Proactive Search Job Hunting Tip #3 - Make new friends.  Networking often gets mistakenly interpreted as 'approaching people so that they will refer you to the right person and get you a job'.  In contrast, I think of networking as nothing else but making new friends with whom to share information, resources, and yes, when opportunities come up that make me think of them, job opportunities.  As a result networking is a continuous process that starts before needing a job, and evolves over time depending on the circumstances and the people you know.  Connecting with people in your organizations of interest is not about asking for a job, or trying to find out whether they have job openings that they haven't advertised.  It is about learning more about how this person got to his/her current position, what his or her current successes and challenges are, and how you could be helpful to that person by sharing information with that person moving forward.  Learning more about a person that is ahead of you might help you build a strategy that will help you avoid pitfalls and best position yourself for opportunities at that company and beyond.  Of course, today's online networking sites make it easier than ever to identify and connect with new contacts.  However, there is no better way to get to know someone than to meet the person face to face.  Therefore, I strongly recommend that if possible you connect with previous and current employees of your organizations of interest in person to learn more about their career path, how things get done in the organization, and get their advice about the best strategies you can adopt to optimally prepare for a career in that field or a position at that company.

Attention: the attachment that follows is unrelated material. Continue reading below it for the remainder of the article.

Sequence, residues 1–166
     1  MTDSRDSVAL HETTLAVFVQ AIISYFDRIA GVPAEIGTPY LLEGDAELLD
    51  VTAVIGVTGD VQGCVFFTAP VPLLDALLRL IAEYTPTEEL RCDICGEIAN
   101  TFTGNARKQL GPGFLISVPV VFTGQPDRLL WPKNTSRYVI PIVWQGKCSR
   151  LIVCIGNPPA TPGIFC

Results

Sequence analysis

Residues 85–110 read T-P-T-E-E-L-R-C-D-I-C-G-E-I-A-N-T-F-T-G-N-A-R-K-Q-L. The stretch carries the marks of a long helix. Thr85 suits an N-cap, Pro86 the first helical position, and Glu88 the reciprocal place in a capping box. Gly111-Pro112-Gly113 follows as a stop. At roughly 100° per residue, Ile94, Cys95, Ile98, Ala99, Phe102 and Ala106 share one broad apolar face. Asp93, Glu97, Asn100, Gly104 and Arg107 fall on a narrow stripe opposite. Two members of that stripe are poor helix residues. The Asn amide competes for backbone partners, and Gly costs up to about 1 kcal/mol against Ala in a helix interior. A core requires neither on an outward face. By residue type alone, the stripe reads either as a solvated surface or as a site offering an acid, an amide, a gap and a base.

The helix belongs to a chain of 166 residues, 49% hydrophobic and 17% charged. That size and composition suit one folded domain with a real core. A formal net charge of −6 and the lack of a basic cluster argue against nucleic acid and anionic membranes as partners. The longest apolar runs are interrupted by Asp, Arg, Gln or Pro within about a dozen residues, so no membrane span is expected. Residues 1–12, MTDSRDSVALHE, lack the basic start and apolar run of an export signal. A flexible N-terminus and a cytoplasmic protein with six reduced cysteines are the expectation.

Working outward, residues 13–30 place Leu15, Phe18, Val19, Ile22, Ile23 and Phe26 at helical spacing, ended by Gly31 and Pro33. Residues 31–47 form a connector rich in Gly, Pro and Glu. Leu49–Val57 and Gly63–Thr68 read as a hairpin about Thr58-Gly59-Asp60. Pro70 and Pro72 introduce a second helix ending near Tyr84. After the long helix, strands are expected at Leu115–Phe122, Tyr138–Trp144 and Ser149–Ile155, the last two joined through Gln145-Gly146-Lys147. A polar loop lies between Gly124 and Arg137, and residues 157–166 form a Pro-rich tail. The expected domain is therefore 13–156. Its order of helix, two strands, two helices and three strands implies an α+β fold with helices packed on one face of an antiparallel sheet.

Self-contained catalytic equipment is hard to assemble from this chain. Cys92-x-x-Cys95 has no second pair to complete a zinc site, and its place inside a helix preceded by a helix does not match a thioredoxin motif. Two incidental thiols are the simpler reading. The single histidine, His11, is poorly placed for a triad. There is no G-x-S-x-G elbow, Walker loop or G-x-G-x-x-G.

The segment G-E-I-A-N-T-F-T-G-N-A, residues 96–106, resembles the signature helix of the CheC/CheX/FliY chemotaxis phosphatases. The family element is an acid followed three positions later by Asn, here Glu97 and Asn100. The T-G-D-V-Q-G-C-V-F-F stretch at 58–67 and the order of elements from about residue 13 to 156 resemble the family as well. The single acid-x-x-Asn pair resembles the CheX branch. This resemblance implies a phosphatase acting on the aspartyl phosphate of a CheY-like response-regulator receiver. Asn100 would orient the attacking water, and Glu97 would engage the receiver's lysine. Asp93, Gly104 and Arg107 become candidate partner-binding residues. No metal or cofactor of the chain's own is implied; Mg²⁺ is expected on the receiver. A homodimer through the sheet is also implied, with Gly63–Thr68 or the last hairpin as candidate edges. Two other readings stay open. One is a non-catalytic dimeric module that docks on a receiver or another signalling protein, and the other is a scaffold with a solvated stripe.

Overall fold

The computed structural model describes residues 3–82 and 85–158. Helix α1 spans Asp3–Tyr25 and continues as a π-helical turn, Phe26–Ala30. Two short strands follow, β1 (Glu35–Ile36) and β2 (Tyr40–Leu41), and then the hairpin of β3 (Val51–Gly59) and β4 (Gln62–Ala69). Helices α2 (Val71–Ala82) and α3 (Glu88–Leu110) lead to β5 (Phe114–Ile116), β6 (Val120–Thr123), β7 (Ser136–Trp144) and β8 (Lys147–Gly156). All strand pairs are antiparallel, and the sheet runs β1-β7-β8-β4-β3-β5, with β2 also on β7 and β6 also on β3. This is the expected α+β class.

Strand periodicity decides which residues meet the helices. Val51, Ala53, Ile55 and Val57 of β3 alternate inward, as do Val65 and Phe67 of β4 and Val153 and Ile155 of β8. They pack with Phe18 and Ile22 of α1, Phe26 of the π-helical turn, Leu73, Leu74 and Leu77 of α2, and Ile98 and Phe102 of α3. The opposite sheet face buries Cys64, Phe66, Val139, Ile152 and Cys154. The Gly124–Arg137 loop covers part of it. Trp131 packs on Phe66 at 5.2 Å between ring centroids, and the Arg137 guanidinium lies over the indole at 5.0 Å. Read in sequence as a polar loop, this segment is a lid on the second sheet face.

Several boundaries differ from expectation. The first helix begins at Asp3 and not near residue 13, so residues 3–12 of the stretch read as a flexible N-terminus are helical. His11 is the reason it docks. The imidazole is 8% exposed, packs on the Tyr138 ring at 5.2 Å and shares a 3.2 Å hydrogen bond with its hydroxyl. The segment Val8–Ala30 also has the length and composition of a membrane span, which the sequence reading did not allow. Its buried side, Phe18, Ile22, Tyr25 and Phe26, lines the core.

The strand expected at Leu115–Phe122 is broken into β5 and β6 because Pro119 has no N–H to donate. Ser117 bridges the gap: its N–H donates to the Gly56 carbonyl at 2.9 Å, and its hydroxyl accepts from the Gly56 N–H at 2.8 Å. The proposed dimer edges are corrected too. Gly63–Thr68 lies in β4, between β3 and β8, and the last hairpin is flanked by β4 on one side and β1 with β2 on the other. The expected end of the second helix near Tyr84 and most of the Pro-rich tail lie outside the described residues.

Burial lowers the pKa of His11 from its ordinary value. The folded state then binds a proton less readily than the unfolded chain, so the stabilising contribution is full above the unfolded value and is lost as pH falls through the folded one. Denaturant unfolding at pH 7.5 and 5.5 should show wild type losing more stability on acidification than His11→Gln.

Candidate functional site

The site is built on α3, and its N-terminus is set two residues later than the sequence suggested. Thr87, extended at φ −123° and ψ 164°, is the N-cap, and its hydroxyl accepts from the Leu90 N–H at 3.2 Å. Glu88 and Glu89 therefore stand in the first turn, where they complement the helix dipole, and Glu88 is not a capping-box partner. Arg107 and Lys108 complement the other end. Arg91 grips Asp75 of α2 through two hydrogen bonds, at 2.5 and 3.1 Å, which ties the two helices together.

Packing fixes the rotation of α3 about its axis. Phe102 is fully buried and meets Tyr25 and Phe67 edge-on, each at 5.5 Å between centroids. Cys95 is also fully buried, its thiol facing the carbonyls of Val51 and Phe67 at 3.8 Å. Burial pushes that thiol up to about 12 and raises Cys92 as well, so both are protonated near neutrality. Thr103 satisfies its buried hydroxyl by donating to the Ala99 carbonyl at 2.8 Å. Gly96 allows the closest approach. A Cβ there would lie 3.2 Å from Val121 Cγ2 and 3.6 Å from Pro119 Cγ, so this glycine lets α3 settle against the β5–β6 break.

In this tough economy, leveraging these three job hunting tips will help you emerge as a candidate that has dedicated the time and energy to understand his/her fit with your companies of interest.  Actions speak louder than words, and taking these actions will have a significant impact on your ability to secure interviews.  In my next post, we will review a search type only available to students:  On-Campus Recruiting.  As always, I look forward to reading your questions and comments on responsible job hunting tips!

Photo Credit.